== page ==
Ghana investigators want to question British actor over alleged £5m air bribery scandal

British actor Phil Middlemiss (left). (Photo: The Sun)

A BRITISH television actor, Phil Middlemiss, is wanted for questioning by Ghana police over an alleged £5million air bribery scandal.

The former actor, who played womanising bookie Des Barnes in Britain’s most popular television series Coronation Street for eight years in the 1990s, was named by investigators in Ghana, says a report by the UK’s largest-circulation The Sun newspaper.

According to The Sun, Middlemiss, 56, moved to Ghana after leaving the TV soap opera to make a film but ran out of funding before it was finished.

He then worked as a ‘travel consultant’ and said in one interview his best friend’s brother was vice-president of the country.

But he is being sought for questioning over the £50million sale of three Airbus C-295 military planes to Ghana.

The country’s former president John Dramani Mahama is accused of having links to a corrupt network which received kickbacks during the contract process, the paper added.

Ghana’s special prosecutor Martin Amidu launched a formal investigation in February and he announced he had summoned four people and released their passport details online.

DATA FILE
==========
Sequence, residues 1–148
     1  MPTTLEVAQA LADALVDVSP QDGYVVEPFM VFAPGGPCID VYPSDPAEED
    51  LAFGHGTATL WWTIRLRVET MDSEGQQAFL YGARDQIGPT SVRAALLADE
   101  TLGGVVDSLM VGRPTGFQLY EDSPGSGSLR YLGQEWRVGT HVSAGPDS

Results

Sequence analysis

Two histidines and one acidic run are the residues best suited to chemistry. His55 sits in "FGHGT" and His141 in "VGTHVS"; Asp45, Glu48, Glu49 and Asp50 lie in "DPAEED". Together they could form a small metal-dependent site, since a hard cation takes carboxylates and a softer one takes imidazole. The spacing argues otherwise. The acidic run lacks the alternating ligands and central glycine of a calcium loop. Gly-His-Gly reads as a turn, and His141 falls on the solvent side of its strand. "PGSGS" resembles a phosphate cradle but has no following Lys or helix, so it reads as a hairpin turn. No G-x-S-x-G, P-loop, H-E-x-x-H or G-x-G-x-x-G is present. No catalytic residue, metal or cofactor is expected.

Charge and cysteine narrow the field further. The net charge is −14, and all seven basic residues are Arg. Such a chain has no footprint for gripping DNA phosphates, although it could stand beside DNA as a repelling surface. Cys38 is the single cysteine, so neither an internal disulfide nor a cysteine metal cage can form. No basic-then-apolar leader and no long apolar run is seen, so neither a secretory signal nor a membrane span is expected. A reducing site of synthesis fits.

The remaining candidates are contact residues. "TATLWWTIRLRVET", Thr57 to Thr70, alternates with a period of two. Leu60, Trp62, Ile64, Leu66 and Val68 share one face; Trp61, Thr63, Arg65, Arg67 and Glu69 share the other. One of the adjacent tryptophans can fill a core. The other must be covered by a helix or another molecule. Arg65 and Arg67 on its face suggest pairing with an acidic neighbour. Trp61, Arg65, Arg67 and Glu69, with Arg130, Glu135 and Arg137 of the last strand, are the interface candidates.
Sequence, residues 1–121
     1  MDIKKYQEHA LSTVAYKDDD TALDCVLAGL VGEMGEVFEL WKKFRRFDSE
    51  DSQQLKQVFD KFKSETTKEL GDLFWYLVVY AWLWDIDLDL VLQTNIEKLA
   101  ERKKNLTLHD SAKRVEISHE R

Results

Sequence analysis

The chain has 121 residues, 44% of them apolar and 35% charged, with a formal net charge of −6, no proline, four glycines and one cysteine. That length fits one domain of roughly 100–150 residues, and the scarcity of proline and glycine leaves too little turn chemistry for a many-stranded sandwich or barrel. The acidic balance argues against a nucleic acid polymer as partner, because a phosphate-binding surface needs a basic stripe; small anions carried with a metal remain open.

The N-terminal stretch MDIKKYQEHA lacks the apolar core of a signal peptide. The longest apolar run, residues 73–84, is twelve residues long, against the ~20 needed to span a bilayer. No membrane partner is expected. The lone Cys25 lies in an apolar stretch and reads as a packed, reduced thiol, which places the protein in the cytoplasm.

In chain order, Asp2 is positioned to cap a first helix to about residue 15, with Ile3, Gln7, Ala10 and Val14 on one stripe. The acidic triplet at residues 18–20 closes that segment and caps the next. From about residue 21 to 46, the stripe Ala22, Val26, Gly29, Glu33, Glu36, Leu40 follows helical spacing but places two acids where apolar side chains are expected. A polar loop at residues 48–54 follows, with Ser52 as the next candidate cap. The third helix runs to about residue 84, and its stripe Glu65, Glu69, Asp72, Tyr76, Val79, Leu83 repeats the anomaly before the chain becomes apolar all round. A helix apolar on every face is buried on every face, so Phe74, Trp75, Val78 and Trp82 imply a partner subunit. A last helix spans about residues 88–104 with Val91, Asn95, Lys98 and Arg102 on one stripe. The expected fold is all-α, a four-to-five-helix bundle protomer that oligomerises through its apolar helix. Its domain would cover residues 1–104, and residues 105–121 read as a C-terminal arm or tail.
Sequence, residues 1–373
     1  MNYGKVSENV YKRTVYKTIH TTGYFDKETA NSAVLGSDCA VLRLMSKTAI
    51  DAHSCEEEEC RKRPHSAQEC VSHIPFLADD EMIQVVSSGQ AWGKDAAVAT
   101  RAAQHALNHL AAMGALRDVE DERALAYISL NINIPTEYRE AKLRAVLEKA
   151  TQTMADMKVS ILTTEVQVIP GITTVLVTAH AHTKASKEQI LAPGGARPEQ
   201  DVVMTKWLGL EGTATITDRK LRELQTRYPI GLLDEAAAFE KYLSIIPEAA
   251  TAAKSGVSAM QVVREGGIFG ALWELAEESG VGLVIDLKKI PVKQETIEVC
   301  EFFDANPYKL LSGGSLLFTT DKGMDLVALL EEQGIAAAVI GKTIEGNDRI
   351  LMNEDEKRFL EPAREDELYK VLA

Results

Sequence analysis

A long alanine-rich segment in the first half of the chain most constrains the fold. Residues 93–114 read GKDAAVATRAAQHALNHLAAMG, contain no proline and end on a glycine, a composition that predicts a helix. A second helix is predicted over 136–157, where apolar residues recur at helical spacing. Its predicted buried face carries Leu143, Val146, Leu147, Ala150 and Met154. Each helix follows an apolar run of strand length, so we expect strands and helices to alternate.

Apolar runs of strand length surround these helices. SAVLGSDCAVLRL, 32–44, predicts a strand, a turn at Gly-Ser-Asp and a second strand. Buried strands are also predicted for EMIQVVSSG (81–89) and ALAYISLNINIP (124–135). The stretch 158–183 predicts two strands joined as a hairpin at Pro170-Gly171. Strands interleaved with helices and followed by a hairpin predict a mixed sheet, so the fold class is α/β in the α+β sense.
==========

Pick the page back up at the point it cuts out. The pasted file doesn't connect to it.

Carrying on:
They include Middlemiss, who lives in a smart £400,000 detached property in Greater Manchester despite him being declared bankrupt in 2012 over unpaid taxes.

Two other Britons and a UK/Ghanaian citizen are wanted for questioning.

In January, Airbus agreed to pay a £3bn fine after the UK, the US and French authorities launched a joint investigation into the use of middlemen to sell planes.

In March, Amidu revealed Middlemiss was suspected of working as a project manager for Airbus.

Ghana’s Office of the Special Prosecutor issued a public notice saying the four ‘are hereby invited to assist the on-going investigation of bribery and corruption’ totalling more than 5million euros.

The investigation also includes ‘collaborating with Ghanaian public officers to use their public office for private profit or benefit in the purchase of three C-295 aircraft by the Government of Ghana from Airbus.’



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